What are Argentines to think when the government tells them to save in pesos, not in dollars (which bitter experience of economic crisis has taught them can be a safer bet) – and then one prominent figure turns round and admits that he saves in dollars himself and has no intention of selling until the unofficial exchange rate drops?

Aníbal Fernández, the former cabinet chief, who is now a government senator said this week it was time for Argentines to start “thinking in pesos”. But quizzed about his own dollar savings, he flew off the handle. He saved in dollars “because I feel like it” and “I do what I like with my money”, he snapped. (He later apologised.)

But as talk of intensifying government steps to “pesify” the economy, even Fernández has admitted that he won’t sell his dollars at a loss.

The black-market exchange rate has eased this week to just below 6 pesos per dollar after touching a historic high of 6.15 last week – but that’s still a far cry from the official exchange rate of around 4.47.

Tempers are fraying, and in middle-class districts of the capital on Thursday night, people were out on street corners banging pots and pans again – a sure sign public discontent is growing.

Irritation is mounting that the government is applying increasing restrictions on purchases of dollars (the latest rule is for people to have to fill in a special tax form when they buy holiday packages – detailing how much they paid, in what currency, in how many credit card installments, their departure and return dates, and travel agent details) – that has left many wondering if a punishing devaluation that could stoke already high inflation is on the cards.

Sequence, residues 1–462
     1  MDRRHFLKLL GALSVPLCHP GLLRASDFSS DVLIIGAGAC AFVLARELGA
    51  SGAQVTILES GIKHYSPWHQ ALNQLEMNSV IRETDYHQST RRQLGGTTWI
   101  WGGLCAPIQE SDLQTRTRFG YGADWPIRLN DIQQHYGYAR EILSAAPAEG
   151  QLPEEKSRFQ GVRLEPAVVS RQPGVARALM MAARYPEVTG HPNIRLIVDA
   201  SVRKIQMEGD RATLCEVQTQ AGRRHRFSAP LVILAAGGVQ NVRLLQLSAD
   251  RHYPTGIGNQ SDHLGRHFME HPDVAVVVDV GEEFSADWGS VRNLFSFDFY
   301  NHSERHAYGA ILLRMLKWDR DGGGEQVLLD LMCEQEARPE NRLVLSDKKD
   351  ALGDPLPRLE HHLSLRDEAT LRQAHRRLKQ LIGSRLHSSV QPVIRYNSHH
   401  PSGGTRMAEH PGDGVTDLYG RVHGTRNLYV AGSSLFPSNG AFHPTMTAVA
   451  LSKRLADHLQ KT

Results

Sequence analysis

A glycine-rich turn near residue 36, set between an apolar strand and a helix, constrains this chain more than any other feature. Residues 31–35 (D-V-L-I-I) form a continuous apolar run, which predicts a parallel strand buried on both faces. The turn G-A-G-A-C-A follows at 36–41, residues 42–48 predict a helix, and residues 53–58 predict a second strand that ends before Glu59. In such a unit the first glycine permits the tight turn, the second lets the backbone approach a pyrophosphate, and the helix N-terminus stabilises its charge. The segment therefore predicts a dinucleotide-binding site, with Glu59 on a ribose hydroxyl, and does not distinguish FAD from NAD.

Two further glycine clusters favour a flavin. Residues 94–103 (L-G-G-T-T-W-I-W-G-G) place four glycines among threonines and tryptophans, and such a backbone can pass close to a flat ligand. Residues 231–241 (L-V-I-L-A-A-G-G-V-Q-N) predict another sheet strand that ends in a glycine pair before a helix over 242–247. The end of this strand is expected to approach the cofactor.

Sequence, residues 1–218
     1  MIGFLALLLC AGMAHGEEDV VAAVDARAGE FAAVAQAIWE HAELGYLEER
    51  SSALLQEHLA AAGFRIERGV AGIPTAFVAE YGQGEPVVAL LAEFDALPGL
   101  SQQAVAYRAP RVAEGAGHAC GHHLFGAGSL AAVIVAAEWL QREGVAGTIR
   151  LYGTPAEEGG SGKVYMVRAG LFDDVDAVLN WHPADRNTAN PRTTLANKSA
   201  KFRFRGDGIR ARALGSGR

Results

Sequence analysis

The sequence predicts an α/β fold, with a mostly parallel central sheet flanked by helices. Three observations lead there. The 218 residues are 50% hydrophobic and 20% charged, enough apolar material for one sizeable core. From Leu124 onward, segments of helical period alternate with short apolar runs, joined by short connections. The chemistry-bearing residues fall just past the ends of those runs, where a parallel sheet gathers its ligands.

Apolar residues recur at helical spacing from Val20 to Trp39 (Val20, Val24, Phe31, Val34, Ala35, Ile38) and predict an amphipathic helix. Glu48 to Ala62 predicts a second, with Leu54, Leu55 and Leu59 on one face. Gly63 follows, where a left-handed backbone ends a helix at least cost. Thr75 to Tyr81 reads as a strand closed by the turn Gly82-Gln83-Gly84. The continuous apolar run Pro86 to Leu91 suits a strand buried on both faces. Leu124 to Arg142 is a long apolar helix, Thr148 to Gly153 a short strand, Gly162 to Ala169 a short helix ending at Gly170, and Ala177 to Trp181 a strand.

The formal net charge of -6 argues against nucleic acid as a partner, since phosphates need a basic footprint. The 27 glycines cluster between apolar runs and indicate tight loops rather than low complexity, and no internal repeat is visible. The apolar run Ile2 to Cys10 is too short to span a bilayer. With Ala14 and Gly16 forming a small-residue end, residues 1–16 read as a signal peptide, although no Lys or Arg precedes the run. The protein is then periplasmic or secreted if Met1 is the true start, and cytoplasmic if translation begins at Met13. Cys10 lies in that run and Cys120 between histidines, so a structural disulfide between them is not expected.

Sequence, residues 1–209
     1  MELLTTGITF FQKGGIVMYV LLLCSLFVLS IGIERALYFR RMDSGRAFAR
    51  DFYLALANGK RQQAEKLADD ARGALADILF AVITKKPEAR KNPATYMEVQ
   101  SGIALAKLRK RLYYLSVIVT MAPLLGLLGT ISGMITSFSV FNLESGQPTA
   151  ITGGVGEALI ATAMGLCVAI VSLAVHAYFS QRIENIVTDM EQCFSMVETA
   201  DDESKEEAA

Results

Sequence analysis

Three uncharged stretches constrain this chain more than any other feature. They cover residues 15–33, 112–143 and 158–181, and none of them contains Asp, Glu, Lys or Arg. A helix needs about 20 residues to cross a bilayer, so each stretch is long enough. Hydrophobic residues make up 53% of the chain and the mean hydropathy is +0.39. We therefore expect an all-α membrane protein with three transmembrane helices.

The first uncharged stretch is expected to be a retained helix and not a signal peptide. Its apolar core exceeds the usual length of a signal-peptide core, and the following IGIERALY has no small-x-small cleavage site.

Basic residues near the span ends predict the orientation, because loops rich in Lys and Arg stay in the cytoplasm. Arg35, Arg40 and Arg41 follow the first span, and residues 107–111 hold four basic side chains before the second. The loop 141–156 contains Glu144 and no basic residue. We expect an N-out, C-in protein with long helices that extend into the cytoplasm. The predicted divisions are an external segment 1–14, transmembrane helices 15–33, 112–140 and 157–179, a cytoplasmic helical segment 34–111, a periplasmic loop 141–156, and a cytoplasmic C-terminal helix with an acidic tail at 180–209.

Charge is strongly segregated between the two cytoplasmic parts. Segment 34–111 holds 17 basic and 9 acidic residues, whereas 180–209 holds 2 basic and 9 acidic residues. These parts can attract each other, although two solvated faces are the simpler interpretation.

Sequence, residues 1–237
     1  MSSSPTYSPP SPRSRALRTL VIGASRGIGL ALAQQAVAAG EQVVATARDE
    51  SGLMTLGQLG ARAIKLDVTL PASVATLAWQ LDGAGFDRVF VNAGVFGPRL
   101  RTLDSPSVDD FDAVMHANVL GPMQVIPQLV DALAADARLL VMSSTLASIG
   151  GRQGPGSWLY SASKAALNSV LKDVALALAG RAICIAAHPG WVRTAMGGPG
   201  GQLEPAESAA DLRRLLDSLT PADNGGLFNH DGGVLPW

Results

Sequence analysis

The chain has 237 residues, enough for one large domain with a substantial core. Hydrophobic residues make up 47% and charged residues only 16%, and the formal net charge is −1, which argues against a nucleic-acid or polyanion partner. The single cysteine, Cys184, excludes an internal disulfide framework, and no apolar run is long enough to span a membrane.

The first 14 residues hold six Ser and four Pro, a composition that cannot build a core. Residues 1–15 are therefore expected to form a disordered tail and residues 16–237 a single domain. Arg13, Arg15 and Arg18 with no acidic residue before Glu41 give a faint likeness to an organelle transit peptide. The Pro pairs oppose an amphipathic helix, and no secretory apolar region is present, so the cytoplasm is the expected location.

No says the government. But bank deposits are down and the popular mood is wary.

The government has its work cut out to keep the economy ticking along smoothly amid high inflation with mid-term elections due next year. As independent economist Luis Secco puts it:

The problem facing Argentina today is that, in a context in which the terms of trade are no longer growing and agricultural production turned out lower than last season, the current levels of consumption can’t be financed.

Devaluing is one way out, but the government has denied that is on the cards.

The government needs good news. Can YPF – whose renationalisation in May was greeted with public euphoria – deliver again? On Monday, it holds its maiden shareholders’ meeting since the ejection of Spain’s Repsol.

The government accuses Repsol of trying to avoid investing to boost production to force Argentina to have international energy prices, and boasts a 4.7 per cent rise in oil and gas production since the nationalisation. Can it produce more good news to seduce and soothe fraying Argentine tempers?

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